Do Chess Players Have High IQ? Here Are The Facts

do chess players have high iq

Many people wonder whether or not there is a relationship between your level of chess skills and intelligence. Well the fact is that many grandmasters and even ordinary chess players tend to exhibit superior cognitive abilities compared to non-chess players. This leads us to the question, do chess players have high IQs?

Many chess players of all different levels do have high IQs of over 100 score. Some of our greatest chess players in history for example Garry Kasparov and Magnus Carlsen have IQs well over 140 score. This is a a lot considering that 100 is the average IQ. 

Here is a table showing some of the top chess players in the world with a high IQ above ordinary:

CHESS PLAYERS IQ SCORE
Garry Kasparov 190
Magnus Carlsen 190
Bobby Fischer 187
Judit Polgar 170
Robert Bryne 170
Nigel Short 130-140

Related post: Are chess players good at math?

Which chess player has the highest IQ?

If you guessed Magnus Carlsen as the chess player with the highest IQ score, then you are correct. This brilliant chess player reportedly has an IQ score of 190. This is well above the ordinary score and is considered genius level.

But what about Garry Kasparov you might ask? Although many sources estimate Garry Kasparov IQ between 180-190, he actually scored 135 on an IQ test he did in 1987-88, according to a series of tests designed to test his memory, abstract reasoning and spatial ability.

When it comes to Garry Kasparov’s IQ, it’s clear he was a very gifted man, but he doesn’t hold the record for the highest IQ to date.

Magnus Carlsen is the youngest chess player to rank number one in the world and is arguably the greatest chess player of all time. He is also known for his superb talent in blindfold chess. He can memorize up to 10 different board positions and is known to have won 10 blindfold exhibition matches simultaneously. You can watch that video below.

 

Is chess skills linked to intelligence?

Bobby Fischer, a chess player and public figure noteworthy enough to have a Wikipedia page the size of a short story. At the the age of 14 he became the youngest player to win the US Chess Championship and just a year later became the youngest international grandmaster.

This along with his numerous other accomplishments distinguishes him as arguably the greatest chess player to have ever lived.

But what makes Fischer different from other people like you and me? Is he just naturally more intelligent than us? or could we be just like him with enough practice?

Well to answer that question we need to understand what exactly intelligence is. Intelligence is not just one thing but a compilation of many components. In chess for instance, these components may include things like:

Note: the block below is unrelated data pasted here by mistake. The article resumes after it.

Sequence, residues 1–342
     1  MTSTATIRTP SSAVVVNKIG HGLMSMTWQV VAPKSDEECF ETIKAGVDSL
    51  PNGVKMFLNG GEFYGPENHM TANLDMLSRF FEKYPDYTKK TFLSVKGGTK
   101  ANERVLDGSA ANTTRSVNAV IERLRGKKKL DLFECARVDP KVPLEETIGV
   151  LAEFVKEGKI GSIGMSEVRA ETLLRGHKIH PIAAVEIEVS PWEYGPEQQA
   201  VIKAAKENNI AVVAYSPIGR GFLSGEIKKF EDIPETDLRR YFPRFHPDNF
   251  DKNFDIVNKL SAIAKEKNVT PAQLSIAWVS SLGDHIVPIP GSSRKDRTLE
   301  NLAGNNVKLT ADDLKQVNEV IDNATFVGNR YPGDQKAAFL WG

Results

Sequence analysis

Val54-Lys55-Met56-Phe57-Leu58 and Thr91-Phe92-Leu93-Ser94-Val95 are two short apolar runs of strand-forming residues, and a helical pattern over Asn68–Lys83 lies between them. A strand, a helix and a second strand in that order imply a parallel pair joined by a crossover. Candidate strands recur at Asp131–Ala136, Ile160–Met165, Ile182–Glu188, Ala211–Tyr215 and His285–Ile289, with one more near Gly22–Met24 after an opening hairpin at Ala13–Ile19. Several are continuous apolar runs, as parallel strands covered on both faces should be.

• Fluid reasoning: ability to solve new problems and identify patterns
  • Comprehension knowledge: covers the knowledge you’ve learned overtime( e.g rules for games or vocabulary)
  • Short term memory: as the name suggests refers to how much information you can hold over a short space of time (say 10 or so seconds)
  • Processing speeds: Refers to how quickly you can handle information. think of it has how fast your mental computer runs.

Now these are not all the various categories psychologist may use to describe a person’s intelligence but it’s a good start.

The IQ Test 

The next step is performing tests to evaluate these traits. Fluid reasoning might be tested by a series of puzzles based on patterns. Here is an example below. See if you can solve it.

Comprehension knowledge on the other hand might be measured through something more straightforward like a vocabulary test.

To determine the size of someone’s short term memory, you might just give them a random string of letters and see how many they can remember immediately afterwards. Start with a fewer first and repeat with more and more letters until they can’t get them all right.

Most people can handle about 7.

Lastly, to determine someone’s processing speed, you could test how long they take in a series of rapid challenges like flashing arrows and asking them to pick which way it’s pointing as quickly as they can.

Is there a correlation?

Over the past 50 or so years, psychologists have mentioned these aspects of intelligence and seeing how they relate to things like work performance, athleticism, music ability and of course chess skills.

In the case of chess in particular, there’s also been pretty mixed. Some studies have shown a strong positive correlation indicating that intelligence is a good predictor of chess skills, while other studies have shown weaker or even no correlation.

So with paper after paper after paper being published on this issue, how do we make sense of it all?

Well in May of 2016, A team of researches based in Michigan State University answered this very question through a meta-analysis. What this means is they shifted through all the studies related to chess and intelligence they could find (some 2200 of them) and then they filtered out the ones that weren’t relevant or didn’t meet the quality control measures taken by the team.

After filtering down to about 19 studies on a total of 1,800 people, the researchers standardized and combined them into one giant analysis.

Their findings across the board when it came to fluid reasoning, comprehension knowledge, short-term memory and processing speed, Intelligence was strongly associated with chess skills

Of course this trend is just that a trend and factors like practice and preparation do make you play better. Even then, it seems chess players at the level of people like Bobby Fischer are just naturally more intelligent than the general public regardless of how much you practice.

So unfortunately when it comes to chess, it looks like the phrase “practice makes perfect” isn’t  the whole story.